Recently, a lot of clients have asked us “What is the difference between Physio Pilates (Clinical Pilates) and other types of Pilates at gyms, big groups classes, people’s houses etc.?”


The major difference is the extent of knowledge and training that a Clinical Pilates Instructor has – which allows them to modify, adjust and choose safe and appropriate exercises for the individual.

A qualified Physiotherapist has a four-year university degree to become experts in anatomy, body function and injury management. They have then completed extra post-graduate training in Clinical Pilates. This training is only available to Physiotherapists, because the expert knowledge of anatomy and body mechanics is assumed and required.

Qualifications for a typical Pilates Instructor varies, as it is not regulated. Some may have a Personal Training certificate or others training may consist of a weekend course.

Both forms of Pilates are great ways to improve strength and flexibility. However, regular Pilates does not consider an individual’s injuries, history, pathologies and specific physiological needs. A trained Physiotherapist will complete an assessment and then supervise a clinical Pilates class, whereas an instructor for regular Pilates only recommends a generalised program. The specific choice of Pilates exercises that you do is the difference between a routine that works and one that doesn’t.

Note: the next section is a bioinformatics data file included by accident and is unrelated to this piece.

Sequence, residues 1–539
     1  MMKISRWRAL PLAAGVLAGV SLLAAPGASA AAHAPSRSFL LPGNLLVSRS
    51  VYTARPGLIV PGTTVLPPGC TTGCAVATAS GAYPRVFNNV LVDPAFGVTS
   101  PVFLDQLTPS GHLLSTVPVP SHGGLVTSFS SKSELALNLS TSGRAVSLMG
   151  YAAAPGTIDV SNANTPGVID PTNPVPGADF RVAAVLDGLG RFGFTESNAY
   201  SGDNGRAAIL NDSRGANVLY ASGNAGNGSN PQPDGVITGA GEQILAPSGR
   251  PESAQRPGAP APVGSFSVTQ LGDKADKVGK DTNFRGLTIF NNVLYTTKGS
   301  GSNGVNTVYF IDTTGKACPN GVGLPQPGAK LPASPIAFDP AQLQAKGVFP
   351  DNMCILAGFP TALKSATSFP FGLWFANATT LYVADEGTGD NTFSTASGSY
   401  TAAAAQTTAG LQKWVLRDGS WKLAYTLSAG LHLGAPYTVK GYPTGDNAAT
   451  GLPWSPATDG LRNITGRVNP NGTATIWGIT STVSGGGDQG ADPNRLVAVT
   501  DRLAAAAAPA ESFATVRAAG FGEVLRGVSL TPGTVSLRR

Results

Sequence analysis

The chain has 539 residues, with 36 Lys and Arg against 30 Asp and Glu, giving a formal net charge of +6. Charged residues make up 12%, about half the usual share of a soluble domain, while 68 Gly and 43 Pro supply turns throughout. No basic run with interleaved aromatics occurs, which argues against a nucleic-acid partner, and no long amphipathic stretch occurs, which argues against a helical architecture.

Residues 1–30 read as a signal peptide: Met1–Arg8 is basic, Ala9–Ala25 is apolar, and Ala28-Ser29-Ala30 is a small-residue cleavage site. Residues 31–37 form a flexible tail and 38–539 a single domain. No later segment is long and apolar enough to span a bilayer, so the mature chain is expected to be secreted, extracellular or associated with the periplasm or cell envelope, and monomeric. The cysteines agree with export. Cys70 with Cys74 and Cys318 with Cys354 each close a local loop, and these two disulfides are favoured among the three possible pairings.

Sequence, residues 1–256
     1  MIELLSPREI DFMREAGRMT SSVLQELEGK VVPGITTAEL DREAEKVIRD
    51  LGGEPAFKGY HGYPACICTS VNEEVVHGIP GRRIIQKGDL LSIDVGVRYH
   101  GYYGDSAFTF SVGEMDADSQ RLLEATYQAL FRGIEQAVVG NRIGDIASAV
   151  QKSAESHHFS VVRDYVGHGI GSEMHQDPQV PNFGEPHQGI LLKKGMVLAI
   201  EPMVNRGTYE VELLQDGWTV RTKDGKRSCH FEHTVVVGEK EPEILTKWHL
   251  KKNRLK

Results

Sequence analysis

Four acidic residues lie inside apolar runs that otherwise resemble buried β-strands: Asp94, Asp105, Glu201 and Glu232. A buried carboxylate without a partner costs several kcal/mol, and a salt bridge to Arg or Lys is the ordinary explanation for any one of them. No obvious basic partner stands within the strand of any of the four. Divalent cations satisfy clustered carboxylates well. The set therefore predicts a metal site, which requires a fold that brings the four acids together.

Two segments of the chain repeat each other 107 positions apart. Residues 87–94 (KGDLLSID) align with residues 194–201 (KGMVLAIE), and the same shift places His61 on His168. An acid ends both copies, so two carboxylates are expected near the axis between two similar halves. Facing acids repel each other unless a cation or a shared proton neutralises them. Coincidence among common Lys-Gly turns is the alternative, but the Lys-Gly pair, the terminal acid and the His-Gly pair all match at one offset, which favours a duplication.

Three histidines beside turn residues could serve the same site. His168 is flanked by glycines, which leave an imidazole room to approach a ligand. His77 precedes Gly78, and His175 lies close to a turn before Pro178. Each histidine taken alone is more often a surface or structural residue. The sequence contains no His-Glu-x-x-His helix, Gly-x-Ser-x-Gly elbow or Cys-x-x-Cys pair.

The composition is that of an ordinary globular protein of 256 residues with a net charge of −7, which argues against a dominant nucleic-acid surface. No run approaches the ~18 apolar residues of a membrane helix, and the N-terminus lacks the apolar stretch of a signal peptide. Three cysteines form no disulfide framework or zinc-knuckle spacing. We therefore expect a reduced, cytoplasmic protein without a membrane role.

Suitability / safety

A fit and healthy person with no injuries or medical conditions that exercises regularly can benefit and enjoy a typical Pilates class just as they can safely participate in a most gym/ personal training/ circuit classes.

An individual with medical conditions, injuries, is pre or post natal or hasn’t exercised in a while will be safer in a Physiotherapy based class. As activities such as Yoga and Pilates are often perceived as gentle, it surprises a lot of people that we often treat injuries that occurred in these types of classes.

For example, for a person with back pain due to a disc bulge, there are certain Pilates exercises that a Physiotherapist would avoid. For back pain due to a different issue, such as a joint sprain, those exercises would be fine and different exercises would need to be avoided. Only a Physiotherapist has the knowledge to make this clinical judgement.

Similarly, Clinical Pilates is great for Pregnant women. However, there are some exercises that can increase risk of prolapse, pelvic floor issues, abdominal separation or place the baby at risk. A Physiotherapist has a thorough understanding of which exercises to avoid ensuring safety.


Cost varies for different classes. Generally a Physiotherapy based class will be more expensive to account for the smaller group sizes and the higher level of expertise of the Physiotherapist.

However, if you have Private Health Insurance, a Physiotherapy based class will generally work out cheaper as they are claimable, whereas other types of Pilates are not.  This is because Physiotherapy based Pilates is recognised as an evidenced based, proven method to treat injuries and enhance function.

If you have any further questions or are interested in joining our classes, please don’t hesitate to contact our clinic.


Cherise Garner
Physiotherapist at Corio Bay Sports Treatment Clinic Colac